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Using models developed for this study which incorporate an array of behaviors generally omitted from conventional models relating backloading to turnover, Gustman and Steinmeier find that backloading plays only a slight role in explaining mobility differences associated with pension coverage. They propose that higher wages often paid at pension-covered jobs play a greater role in reducing mobility than do pensions.


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  1. Introduction and Overview
  2. The Basic Arithmetic of Pension Backloading
  3. The Literature Relevant to the Pension-Mobility Relationship
  4. Descriptive Data and Multivariate Analyses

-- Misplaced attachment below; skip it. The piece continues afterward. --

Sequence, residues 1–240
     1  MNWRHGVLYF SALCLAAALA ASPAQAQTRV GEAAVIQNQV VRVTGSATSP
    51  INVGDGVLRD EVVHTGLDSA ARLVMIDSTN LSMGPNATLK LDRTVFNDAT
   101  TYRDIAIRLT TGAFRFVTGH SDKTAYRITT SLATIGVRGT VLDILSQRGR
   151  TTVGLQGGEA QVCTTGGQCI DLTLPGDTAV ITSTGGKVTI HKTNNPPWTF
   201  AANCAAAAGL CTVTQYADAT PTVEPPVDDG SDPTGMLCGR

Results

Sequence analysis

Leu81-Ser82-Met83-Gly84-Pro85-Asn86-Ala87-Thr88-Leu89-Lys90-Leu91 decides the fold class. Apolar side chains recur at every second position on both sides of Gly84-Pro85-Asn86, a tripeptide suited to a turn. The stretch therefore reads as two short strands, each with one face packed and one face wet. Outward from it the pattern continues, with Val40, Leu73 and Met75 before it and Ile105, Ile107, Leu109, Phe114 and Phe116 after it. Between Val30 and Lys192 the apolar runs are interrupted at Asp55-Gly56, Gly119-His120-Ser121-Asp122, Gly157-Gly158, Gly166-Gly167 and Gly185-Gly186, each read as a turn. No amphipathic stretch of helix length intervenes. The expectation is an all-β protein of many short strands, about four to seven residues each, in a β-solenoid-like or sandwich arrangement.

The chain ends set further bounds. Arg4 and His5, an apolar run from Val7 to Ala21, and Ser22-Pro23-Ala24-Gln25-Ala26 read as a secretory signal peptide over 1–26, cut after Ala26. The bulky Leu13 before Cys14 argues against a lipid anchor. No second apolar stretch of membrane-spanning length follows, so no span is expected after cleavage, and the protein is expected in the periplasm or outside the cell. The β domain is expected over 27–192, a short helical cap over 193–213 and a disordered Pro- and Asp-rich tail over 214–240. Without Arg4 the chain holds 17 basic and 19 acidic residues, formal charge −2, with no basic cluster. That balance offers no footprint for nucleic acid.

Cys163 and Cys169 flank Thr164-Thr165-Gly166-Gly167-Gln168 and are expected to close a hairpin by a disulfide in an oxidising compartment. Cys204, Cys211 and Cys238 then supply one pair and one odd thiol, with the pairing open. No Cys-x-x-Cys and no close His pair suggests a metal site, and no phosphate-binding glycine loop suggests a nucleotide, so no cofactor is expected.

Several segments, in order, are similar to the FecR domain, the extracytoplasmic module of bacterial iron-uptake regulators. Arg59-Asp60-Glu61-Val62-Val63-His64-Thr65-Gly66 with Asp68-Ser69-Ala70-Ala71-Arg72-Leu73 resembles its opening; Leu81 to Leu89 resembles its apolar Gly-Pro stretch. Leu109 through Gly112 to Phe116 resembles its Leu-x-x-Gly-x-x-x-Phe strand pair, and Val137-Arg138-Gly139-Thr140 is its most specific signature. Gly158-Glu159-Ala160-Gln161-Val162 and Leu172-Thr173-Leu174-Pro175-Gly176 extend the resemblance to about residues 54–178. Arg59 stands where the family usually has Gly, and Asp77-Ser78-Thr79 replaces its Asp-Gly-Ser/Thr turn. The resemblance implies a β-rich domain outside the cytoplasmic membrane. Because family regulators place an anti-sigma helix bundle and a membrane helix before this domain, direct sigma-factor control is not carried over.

5. Econometric Specification of the Mobility and Compensation Equations
  6. Econometric Estimates with Mobility a Function of Compensation Differentials
  7. Econometric Estimates with Separate Backloading and Compensation Premium Variables
  8. Pension Policies and Their Effects
  9. Conclusions


Relevant reports submitted to the Department of Labor are entitled 'Job Mobility, Older Workers and the Role of Pensions,' September 1987; 'Evaluating Pension Policies in a Model with Endogenous Contributions,' June 1988; and 'Pension Portability and Labor Mobility,' October 1990


Research supported by three grants from the U.S. Department of Labor and by a Martin Segal Fellowship through the Rockefeller Fund in Economics at Dartmouth College


9780880991513 (pbk.) ; 9780585183466 (ebook)

Subject Areas

LABOR MARKET ISSUES; Retirement and pensions; Wages, health insurance and other benefits

Pension Incentives and Job Mobility




Gustman, Alan L., and Thomas L. Steinmeier. 1995. Pension Incentives and Job Mobility. Kalamazoo, MI: W.E. Upjohn Institute for Employment Research.

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